The games that I created the music and sound effects for were, in chronological order, Into The Eagles Next (Amiga/ST), Joe Blade (C64/Spectrum/Amstrad), Arkanoid Revenge of Doh (Spectrum/Amstrad), Target Renegade (C64/Spectrum AY/Amstrad), Slayer (C64/Amiga/ST), Steel (C64/Amiga/ST). For Target Renegade, I composed all the music and sound effects but as time was running out to release the game, I enrolled the help of Jon Dunn for help with porting my music to the Spectrum buzzer player. At this point in time, I was getting seriously into 3D rendering programming, so music became secondary in my every day work.
I have fond memories and I feel the music soundtrack is an integral part of the game. Did you play the games to get a feel for the music you were going to create?
It would depend on the situation – sometimes the games are still a work in progress, without the game play and/or graphics being cast in stone, or only a level or two being semi-complete. As such, being able to envision what the game will be is a key thing. I composed the music for a few of the games that I programmed, so musical ideas would be brewing in my mind while I programmed.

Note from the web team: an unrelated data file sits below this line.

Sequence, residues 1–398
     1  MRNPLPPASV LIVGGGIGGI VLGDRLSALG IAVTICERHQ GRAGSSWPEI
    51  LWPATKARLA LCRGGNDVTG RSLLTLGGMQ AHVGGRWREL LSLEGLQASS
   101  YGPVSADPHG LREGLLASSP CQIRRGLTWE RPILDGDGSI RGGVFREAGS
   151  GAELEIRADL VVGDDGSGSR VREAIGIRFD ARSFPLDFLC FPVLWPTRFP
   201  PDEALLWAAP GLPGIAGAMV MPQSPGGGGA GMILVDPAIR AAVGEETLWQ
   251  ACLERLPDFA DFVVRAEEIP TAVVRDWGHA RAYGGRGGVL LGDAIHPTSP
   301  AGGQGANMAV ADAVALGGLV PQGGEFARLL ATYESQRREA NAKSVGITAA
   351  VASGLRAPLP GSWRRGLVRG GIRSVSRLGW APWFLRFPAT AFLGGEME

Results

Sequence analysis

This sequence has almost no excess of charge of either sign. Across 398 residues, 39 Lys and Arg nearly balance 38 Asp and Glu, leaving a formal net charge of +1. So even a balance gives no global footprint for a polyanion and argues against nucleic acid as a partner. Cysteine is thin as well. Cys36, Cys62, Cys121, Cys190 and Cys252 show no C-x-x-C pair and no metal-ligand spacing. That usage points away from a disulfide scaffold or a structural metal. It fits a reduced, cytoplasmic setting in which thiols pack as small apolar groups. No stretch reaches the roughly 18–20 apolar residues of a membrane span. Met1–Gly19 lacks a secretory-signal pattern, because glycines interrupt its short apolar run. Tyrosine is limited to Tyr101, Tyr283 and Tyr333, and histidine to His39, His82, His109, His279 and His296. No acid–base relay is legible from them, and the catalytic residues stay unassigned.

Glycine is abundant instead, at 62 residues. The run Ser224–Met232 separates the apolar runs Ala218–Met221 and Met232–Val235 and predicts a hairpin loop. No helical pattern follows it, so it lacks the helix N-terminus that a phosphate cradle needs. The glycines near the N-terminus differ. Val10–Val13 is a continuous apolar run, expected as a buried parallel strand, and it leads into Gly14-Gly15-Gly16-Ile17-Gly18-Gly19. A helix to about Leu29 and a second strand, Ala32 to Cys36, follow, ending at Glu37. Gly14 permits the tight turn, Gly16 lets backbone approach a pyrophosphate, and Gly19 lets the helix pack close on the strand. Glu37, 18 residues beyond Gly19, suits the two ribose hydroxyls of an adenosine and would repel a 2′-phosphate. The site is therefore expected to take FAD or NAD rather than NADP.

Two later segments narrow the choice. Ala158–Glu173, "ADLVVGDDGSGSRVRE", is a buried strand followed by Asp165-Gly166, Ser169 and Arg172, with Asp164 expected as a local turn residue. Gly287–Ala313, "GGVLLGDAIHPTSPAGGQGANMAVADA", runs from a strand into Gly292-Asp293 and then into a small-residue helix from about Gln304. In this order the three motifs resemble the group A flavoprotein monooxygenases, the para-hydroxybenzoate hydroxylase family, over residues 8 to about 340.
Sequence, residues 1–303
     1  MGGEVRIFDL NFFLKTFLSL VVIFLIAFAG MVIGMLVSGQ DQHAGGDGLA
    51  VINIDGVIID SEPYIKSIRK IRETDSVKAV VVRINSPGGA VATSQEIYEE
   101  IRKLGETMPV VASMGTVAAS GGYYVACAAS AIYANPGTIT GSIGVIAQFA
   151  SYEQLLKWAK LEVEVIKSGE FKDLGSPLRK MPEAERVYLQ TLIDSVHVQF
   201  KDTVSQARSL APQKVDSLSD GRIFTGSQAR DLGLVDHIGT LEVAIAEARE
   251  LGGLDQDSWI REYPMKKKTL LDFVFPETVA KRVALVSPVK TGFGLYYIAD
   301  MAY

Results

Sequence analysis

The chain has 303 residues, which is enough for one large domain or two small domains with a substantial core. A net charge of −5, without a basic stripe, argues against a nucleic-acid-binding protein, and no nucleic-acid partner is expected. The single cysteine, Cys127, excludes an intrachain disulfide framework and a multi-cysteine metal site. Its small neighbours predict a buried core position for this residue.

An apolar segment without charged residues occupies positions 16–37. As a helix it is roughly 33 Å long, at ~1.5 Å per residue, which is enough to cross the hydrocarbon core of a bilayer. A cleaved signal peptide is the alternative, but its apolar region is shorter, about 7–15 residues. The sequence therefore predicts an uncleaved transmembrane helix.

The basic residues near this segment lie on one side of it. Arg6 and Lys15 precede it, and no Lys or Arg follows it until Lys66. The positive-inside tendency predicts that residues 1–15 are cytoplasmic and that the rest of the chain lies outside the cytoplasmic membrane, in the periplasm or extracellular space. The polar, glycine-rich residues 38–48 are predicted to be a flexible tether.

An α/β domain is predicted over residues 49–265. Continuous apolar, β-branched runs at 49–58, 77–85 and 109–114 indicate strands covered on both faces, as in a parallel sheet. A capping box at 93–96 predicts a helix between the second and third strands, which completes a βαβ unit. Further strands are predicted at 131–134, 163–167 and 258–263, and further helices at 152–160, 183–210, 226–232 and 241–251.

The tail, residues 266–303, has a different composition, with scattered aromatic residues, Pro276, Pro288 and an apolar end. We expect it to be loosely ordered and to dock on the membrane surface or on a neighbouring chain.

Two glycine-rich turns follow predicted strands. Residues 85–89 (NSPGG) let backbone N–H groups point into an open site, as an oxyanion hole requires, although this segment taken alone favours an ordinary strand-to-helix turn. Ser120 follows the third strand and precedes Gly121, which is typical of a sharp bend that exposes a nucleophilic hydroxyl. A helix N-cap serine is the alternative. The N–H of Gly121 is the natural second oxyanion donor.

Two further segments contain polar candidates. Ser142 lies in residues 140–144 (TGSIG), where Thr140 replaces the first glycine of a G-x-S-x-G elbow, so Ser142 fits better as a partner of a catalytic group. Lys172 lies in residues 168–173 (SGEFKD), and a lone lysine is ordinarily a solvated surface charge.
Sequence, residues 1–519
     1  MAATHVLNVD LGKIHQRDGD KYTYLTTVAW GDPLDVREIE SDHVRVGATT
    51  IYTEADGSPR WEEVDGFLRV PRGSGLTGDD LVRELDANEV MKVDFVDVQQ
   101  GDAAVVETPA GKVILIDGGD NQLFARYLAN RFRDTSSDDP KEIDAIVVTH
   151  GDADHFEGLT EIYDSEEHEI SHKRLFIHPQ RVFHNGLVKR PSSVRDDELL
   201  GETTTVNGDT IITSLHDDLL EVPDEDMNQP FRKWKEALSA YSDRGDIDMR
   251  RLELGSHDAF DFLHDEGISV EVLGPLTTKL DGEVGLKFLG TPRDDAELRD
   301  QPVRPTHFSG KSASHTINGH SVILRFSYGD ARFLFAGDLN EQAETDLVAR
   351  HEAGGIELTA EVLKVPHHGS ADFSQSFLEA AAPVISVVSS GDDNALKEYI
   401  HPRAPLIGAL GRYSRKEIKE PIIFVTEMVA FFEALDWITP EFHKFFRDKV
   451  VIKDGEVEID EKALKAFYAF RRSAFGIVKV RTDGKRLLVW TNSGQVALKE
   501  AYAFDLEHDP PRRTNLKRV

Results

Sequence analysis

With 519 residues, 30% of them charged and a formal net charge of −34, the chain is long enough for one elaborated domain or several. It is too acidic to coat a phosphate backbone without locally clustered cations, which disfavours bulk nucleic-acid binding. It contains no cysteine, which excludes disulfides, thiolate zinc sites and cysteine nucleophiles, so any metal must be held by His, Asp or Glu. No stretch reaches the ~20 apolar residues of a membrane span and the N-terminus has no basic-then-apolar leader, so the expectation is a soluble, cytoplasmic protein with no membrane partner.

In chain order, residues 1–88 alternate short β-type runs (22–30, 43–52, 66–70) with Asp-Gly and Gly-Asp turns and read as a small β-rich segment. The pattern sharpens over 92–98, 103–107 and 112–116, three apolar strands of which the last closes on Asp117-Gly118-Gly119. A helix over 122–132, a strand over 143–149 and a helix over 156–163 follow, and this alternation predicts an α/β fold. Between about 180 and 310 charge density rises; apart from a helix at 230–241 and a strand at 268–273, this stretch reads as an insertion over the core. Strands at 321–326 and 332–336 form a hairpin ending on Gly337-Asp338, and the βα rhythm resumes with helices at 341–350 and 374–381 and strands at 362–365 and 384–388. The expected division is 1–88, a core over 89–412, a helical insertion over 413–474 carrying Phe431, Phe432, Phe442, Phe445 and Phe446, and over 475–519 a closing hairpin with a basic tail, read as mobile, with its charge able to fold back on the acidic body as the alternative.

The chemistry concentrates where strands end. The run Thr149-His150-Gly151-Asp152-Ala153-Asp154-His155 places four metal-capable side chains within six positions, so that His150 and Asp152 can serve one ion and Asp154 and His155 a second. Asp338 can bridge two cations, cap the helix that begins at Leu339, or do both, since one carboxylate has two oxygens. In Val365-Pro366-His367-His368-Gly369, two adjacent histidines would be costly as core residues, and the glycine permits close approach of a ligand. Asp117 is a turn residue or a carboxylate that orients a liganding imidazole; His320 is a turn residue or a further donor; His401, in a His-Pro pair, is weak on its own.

Can you please educate us as to the process you would go through when creating music for a game?
The process for creating music now, compared to the way it was back in the 8-bit and 16-bit eras are not even comparable. When I first started out at Interceptor Micros, all I had was a C64 and monitor. As commercial music software was severely lacking in features, CPU performance and memory consumption, my first task was to write my own. Andrew Challis gave me a MIDI interface, which I used to play the C64 “live”, although I did not add an recording functionality. Editing the sequences and sound patches was a laborious matter of punching in numbers, compiling, and running. Rinse and repeat. The development time for games was so short that writing a user-friendly user interface just wasn’t possible, although thinking back I should have explored it more.